In January, or 37 lifetimes ago in Trump years, Elizabeth Warren released a plan to address the novel coronavirus that had already engulfed China and was spreading around the world. Among other things, the then Democratic candidate called for increased funding for agencies like the Department of Health and Human Services and the Centers for Disease Control and Prevention; ensuring that hospitals had adequate levels of necessary equipment; and partnering with foreign governments and multilateral organizations. Weirdly, nowhere in Warren’s plan did she call for misleading the public about the threat of the disease; distributing supplies only to states that sufficiently kissed her ass; delaying stimulus checks so her name could be printed on them; using briefings to brag about what a great job she’d done; or empowering her son-in-law to prioritize aid as he, in his estimable opinion, saw fit. Of course, such approaches feature heavily in Donald Trump’s shambolic response to the coronavirus crisis, leading Warren and other lawmakers to demand investigations into the administration’s handling of COVID-19.
In a letter to the inspector generals at Homeland Security and HHS—watchdogs Trump has not yet gotten around to firing—Warren and nine other Democratic senators write that the “slow distribution of supplies,” including personal protective equipment (PPE) and ventilators, along with an astonishing lack of transparency, “suggest a process plagued by confusion, inconsistency, and potential political interference.” For instance, Massachusetts, one of the first states hit by the coronavirus, has received “only a fraction of its request for PPE and other medical supplies” from the Strategic National Stockpile (SNS) while Florida was able to obtain 100% of the supplies it asked for within three days of doing so, as well as the full quantity of a follow-up order. How did such a discrepancy come to pass? Warren and company have an idea!
A White House aide recently credited electoral concerns and President Trump’s close relationship with Governor Ron DeSantis of Florida for the prompt fulfillment of Florida’s request for supplies from the SNS, saying “The president knows Florida is so important for his reelection, so when DeSantis says that, it means a lot…He pays close attention to what Florida wants.” President Trump has also claimed that Florida’s procurement of supplies from the stockpile was due to the state being “very aggressive in trying to get things.” In reality, Governor DeSantis delayed closing public beaches during spring break and resisted implementing a statewide lockdown until the beginning of April when the states’ cases had ballooned to nearly 8,000. Meanwhile, Massachusetts Governor Charlie Baker sent a request to the SNS and issued a state public health emergency in early March.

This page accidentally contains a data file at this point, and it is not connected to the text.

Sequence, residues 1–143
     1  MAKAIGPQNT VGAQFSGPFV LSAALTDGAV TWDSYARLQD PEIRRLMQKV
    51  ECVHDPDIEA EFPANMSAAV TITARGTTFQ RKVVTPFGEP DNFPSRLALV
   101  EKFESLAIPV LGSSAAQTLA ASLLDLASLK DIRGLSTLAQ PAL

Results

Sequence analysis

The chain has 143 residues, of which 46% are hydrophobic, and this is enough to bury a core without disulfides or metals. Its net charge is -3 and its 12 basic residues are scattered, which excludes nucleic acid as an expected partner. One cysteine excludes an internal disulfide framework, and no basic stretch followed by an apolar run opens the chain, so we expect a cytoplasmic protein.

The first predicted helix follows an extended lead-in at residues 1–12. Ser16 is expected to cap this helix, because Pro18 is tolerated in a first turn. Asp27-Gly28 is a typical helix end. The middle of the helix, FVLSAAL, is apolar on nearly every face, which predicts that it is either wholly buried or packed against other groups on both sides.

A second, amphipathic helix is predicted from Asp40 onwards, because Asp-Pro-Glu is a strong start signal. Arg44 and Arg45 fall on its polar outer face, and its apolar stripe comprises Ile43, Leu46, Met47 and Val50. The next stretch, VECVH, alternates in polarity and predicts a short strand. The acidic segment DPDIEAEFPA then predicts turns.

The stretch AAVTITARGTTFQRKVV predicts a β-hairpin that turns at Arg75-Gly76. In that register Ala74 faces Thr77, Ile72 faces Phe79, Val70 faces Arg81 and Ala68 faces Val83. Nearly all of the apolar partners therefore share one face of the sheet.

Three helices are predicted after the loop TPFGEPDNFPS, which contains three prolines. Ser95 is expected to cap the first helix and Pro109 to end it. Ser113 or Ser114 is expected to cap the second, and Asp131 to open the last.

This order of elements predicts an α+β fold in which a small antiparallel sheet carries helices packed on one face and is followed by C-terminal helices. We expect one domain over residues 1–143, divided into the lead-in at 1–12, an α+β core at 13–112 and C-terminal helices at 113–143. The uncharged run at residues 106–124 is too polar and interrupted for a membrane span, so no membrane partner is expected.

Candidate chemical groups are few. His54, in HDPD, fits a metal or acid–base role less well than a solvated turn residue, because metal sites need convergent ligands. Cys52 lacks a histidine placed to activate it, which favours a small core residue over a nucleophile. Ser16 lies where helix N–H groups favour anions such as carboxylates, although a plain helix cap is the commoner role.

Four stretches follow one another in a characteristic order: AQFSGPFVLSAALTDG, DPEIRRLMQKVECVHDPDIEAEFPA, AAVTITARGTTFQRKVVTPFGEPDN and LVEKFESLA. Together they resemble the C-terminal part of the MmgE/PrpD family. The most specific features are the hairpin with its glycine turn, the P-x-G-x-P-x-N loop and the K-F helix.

Also curious? The shifting explanations from federal agencies re: how supplies are allocated. For example, per Warren’s letter, HHS originally stated that stockpile distribution was based on a formula in which “25 percent of a state’s requests were fulfilled based on its population and 25 percent on its number of COVID-19 cases.” Later, FEMA said that distribution was “focused on meeting future demand models where patient levels are expected to strain state and local medical conditions in coming weeks” based on data from the CDC and HHS. Finally, one gets to what appears to be the true methodology for determining who gets what, as laid out by the president of the United States, who told Fox News in late March that governors “Have to treat us well…they can’t say, ‘Oh, gee, we should get this, we should get that,” going so far as to tell Mike Pence, head of the White House task force on coronavirus, “don’t call the governor in Washington, you’re wasting your time with him. Don’t call the woman in Michigan. If they don’t treat you right, I don’t call.”